action for happiness
Every December advertisers try to convince me that my family and I would be happier if only we purchase their products. Certainly
By focusing more on the factors that genuinely enhance human happiness, we might just discover how to improve our politics, re-unite our divided communities and live more happily together.
Our conversations about the wider world are often framed with negativity - whether it's about terrorist threats, disasters, corrupt politicians or school bullying. But the world is also full of inspiring stories of hope, progress and generosity - and by choosing to focus on these, we again open up the space for very different conversations. As Alain de Botton said, "the secret to a good conversation is sharing our vulnerabilities and dreams". So let's have more conversations that matter.
Today, as in every previous age, people are seeking. They are looking for a philosophy of life and an organisation that represents it... We hope that Action for Happiness can cater to that need, and help to provide the thousands of little gatherings that can make the world a better place.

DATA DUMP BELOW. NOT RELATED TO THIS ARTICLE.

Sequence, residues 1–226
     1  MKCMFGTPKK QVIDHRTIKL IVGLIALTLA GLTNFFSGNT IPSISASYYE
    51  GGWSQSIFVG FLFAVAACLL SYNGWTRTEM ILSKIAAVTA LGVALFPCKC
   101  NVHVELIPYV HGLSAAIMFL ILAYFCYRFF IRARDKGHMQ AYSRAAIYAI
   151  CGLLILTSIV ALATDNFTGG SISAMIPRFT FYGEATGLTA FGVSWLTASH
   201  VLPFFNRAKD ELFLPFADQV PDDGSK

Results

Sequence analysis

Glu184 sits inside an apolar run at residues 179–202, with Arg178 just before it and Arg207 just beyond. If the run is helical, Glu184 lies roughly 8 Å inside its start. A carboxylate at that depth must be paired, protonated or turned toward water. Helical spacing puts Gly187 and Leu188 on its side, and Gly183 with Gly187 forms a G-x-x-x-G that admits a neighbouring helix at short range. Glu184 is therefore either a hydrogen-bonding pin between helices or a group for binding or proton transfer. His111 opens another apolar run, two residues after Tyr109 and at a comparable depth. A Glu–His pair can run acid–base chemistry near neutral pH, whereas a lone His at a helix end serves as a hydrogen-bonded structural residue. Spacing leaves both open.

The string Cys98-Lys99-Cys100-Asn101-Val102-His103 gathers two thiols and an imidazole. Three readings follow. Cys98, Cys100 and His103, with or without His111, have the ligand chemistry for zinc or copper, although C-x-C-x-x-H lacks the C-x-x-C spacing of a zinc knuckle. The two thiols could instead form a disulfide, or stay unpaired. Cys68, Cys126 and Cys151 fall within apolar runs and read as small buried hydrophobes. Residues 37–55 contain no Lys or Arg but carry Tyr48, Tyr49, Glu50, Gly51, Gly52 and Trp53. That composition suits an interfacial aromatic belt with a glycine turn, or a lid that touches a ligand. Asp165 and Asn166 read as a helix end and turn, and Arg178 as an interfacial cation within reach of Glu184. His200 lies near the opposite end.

Ultimately, above all else, what do you want from your life? Or, if you have kids, what do you ultimately hope for them? Ask most people these questions and the usual response is 'I want to be happy' or 'I want them to be happy'. Yet do we know what this really means and what it takes for what we focus on in our lives?
In this week's feel-good film, 'Hector and the Search for Happiness',Simon Pegg as Hector is a psychiatrist who realises
I can be pretty cynical when it comes to marketing messages, but it feels like happiness is having a moment right now. We know that technically money can't buy happiness, but maybe we're actually beginning to really believe it. We see photos of the rich and famous sunbathing on their yachts, we speculate about how much industry leaders are being paid, and it just doesn't have the appeal it used to. As part of HuffPost's Third Metric movement, we're hearing stories from across the globe of individuals placing emphasis elsewhere in their lives. They're prioritising health and happiness over personal gain, and today, on the International Day of Happiness, we want to celebrate that.
How satisfied are you with your life? It's a question we've probably all pondered at times. But for the last two years it's also been one of a handful of new "subjective wellbeing" questions which the Office for National Statistics has been asking people all over the UK.
Happiness is increasingly being talked about and taken seriously at both national and international levels. A recent, and very encouraging, example was the United Nations International Day of Happiness, which was celebrated for the first time a couple of weeks ago.